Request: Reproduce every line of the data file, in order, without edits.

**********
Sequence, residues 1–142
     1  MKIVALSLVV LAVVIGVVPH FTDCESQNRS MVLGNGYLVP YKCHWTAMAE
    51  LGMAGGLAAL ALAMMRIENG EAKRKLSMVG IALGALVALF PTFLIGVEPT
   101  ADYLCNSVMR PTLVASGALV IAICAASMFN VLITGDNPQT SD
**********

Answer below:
Sequence, residues 1–142
     1  MKIVALSLVV LAVVIGVVPH FTDCESQNRS MVLGNGYLVP YKCHWTAMAE
    51  LGMAGGLAAL ALAMMRIENG EAKRKLSMVG IALGALVALF PTFLIGVEPT
   101  ADYLCNSVMR PTLVASGALV IAICAASMFN VLITGDNPQT SD